Video Scaling is an essential part of video processing devices where the output resolution has to be greater than the input resolution by some rational value. Sometimes this scaling ratio is greater than 2 or even 4 times.
A common approach to scale the video frame is to use polyphase filters independently in the vertical direction and then for each line of vertically scaled frame in the horizontal direction. However, independent usage of the cascade structure of vertical and horizontal scalers causes a severe artifact or jaggedness for diagonal edges and texture elements. To avoid this jagged effect the directional scaler is used.
For each output pixel the direction has to be determined by the direction detector. The basic directional scaler blends three interpolated values:
- vertical-horizontal interpolated value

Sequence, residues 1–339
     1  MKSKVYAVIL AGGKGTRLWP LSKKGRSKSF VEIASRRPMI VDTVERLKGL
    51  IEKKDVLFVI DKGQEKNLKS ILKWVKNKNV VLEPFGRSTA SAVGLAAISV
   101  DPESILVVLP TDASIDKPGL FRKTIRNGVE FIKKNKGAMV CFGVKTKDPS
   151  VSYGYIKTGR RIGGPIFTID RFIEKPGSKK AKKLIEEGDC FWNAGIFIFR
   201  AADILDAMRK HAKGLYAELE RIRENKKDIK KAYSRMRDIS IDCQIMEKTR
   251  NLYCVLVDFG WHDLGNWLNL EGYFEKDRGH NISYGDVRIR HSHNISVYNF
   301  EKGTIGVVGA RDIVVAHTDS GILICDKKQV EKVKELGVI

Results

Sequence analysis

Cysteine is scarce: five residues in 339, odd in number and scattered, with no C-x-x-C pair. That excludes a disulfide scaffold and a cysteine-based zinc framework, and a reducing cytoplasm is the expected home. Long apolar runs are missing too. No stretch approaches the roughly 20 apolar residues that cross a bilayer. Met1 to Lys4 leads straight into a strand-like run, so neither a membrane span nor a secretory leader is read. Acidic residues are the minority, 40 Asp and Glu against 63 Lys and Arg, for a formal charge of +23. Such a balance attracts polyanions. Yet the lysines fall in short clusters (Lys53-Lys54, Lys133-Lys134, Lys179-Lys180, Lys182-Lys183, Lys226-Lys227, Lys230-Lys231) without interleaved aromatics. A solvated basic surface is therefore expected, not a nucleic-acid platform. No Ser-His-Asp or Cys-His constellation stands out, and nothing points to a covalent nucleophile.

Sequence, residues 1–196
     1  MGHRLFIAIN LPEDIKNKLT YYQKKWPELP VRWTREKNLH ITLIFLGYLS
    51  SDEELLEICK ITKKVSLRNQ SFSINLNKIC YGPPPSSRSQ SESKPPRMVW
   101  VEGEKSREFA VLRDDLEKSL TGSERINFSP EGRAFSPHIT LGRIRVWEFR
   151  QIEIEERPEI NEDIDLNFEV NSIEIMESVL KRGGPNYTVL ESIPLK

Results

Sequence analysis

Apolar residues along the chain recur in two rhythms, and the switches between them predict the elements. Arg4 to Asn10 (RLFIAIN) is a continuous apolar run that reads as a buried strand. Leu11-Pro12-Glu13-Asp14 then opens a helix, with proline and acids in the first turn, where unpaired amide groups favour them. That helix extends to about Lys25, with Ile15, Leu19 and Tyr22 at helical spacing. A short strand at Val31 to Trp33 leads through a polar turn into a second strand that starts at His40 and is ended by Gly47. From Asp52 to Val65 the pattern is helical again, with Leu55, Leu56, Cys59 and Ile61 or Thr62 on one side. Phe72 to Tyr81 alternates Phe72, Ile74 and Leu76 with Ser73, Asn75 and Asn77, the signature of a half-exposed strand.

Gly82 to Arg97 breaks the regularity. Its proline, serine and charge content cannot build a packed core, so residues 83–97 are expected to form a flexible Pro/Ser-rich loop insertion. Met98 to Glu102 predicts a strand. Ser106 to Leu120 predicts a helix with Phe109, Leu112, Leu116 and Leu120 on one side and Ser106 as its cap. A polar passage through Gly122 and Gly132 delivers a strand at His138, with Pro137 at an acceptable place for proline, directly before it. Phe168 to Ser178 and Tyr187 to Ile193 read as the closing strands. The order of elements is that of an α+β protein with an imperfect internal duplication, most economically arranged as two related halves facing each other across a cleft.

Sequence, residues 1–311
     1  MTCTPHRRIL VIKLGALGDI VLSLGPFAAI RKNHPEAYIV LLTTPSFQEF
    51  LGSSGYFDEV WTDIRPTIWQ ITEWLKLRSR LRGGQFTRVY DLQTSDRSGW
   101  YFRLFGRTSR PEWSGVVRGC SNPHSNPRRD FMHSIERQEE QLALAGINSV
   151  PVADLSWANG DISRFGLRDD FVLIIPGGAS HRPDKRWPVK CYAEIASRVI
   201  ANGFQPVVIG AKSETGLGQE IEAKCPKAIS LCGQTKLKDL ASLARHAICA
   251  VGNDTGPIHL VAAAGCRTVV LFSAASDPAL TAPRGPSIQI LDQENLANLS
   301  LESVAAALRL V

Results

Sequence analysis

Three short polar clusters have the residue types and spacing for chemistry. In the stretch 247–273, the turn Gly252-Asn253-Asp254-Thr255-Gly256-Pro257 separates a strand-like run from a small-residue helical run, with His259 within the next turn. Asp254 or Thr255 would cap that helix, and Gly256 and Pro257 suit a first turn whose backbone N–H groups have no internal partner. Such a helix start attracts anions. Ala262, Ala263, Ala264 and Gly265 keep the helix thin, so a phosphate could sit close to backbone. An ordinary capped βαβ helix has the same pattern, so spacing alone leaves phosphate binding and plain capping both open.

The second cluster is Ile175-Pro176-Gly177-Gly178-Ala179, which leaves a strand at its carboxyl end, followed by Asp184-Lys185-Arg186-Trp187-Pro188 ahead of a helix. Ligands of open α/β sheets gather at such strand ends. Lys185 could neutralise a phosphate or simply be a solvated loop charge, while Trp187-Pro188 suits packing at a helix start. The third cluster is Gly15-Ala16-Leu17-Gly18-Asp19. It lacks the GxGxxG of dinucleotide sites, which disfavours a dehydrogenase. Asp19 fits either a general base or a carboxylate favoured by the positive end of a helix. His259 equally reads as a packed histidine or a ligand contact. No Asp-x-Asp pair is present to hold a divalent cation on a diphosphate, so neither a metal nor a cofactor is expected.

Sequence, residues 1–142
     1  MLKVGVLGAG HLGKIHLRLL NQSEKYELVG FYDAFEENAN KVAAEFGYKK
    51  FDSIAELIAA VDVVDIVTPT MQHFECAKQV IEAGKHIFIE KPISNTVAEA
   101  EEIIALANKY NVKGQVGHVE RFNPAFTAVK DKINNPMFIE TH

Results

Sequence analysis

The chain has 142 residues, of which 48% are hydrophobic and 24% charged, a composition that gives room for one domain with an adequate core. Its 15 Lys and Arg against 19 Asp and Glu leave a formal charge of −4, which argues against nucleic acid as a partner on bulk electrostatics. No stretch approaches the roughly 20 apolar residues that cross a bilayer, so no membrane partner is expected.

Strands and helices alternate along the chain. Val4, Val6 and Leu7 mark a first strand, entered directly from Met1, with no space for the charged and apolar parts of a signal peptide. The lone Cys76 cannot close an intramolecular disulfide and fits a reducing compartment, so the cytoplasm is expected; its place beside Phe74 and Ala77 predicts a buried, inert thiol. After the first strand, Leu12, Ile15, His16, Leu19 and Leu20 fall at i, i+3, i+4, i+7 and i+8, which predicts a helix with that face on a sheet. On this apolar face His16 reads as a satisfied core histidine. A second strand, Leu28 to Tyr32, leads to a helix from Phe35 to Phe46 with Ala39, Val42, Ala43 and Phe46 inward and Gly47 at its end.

- diagonal “north-west to south-east” interpolated value
- diagonal “north-east to south-west” interpolated value
The blending is based on three weights W0, W2 and W3 that are defined by the direction detector. Each of these values is a float value between 0 and 1. To detect the direction for the output pixel, the direction detector determines the directions for each of 4 surrounding input pixels. Each of three weights for the output pixel is obtained as a result of linear interpolation from the corresponding weights for four surrounding input pixels based on the distances Δx and Δy (Fig.2).